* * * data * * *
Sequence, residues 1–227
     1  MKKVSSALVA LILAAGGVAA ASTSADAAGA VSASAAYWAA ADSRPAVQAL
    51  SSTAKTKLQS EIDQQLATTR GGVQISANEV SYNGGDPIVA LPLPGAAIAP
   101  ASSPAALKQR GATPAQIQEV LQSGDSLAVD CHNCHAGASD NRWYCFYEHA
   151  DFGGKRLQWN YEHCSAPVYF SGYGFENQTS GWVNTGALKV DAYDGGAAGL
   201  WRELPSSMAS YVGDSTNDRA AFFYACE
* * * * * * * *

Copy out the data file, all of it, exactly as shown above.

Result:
Sequence, residues 1–227
     1  MKKVSSALVA LILAAGGVAA ASTSADAAGA VSASAAYWAA ADSRPAVQAL
    51  SSTAKTKLQS EIDQQLATTR GGVQISANEV SYNGGDPIVA LPLPGAAIAP
   101  ASSPAALKQR GATPAQIQEV LQSGDSLAVD CHNCHAGASD NRWYCFYEHA
   151  DFGGKRLQWN YEHCSAPVYF SGYGFENQTS GWVNTGALKV DAYDGGAAGL
   201  WRELPSSMAS YVGDSTNDRA AFFYACE